s-1 at increasing temperature. (a) Dimple rupture fracture at 1015 °C (1860 °F). At the bottom of many of the 
dimples are TaC inclusions, which initiated microvoid coalescence. (b) Intergranular decohesion at 1523 °C 
(2287 °F). Secondary intergranular cracks are also visible. (c) Local eutectic melting of TaC + austenite at 1333 
°C (2431 °F). (J.J. Stephens, M.J. Cieslak, R.J. Lujan, Sandia National Laboratories) 
A final example of the effect of temperature on the fracture process is the behavior of a titanium alloy when tested at 
room temperature and at 800 °C (1470 °F). At room temperature, the fracture in a Ti-6Al-2Nb-1Ta-0.8Mo alloy (heat 
treated to produce a basket-weave structure consisting of Widmanstätten \u3b1+ \u3b2+ grain-boundary \u3b1 with equiaxed prior-\u3b2 
grains) that was tested at an approximate strain rate of 3.3 × 10-4 s-1 occurred predominantly by transgranular dimple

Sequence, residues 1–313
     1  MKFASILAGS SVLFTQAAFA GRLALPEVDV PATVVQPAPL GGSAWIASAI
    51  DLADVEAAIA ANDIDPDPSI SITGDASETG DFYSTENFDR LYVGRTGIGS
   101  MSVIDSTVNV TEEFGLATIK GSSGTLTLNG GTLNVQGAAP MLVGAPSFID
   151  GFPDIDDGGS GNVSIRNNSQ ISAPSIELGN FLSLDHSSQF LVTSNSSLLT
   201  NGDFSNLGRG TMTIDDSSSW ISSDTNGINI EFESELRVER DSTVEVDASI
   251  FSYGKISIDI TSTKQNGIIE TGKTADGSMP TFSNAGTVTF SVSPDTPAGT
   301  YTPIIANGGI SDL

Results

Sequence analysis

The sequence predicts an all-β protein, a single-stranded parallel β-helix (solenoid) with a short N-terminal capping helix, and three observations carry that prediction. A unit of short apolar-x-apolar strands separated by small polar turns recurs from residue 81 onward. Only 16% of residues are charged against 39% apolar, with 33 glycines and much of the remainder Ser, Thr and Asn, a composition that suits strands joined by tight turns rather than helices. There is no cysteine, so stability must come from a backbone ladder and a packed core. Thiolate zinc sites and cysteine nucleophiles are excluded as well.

rupture. At 800 °C (1470 °F), however, the alloy exhibited low ductility, which is associated with an intergranular dimple 
rupture (Fig. 76). The low ductility can be explained by void formation and coalescence along prior-\u3b2 grain boundaries 
because of strain localization in the \u3b1 phase within the grain boundaries (Ref 215). 
 
Fig. 76 Intergranular dimple rupture in a Ti-6Al-2Nb-1Ta-0.8Ta alloy tested at 800 °F (1470 °F). The fracture 
path in this alloy, tensile tested at a strain rate of about 3.3 × 10-4 s-1, changes at 800 °C (1470 °F) from a 
predominantly transgranular dimple at room temperature (not shown) to intergranular dimple rupture. Source: 
Ref 215 
As has been shown, testing temperature can significantly affect fracture appearance. However, in addition to temperature, 
such factors as the strain rate and solid-state reactions must be considered when evaluating the effect of temperature on 
the fracture process. 
Effect of Oxidation. A natural consequence of high-temperature exposure is oxidation. Engineering alloys exposed to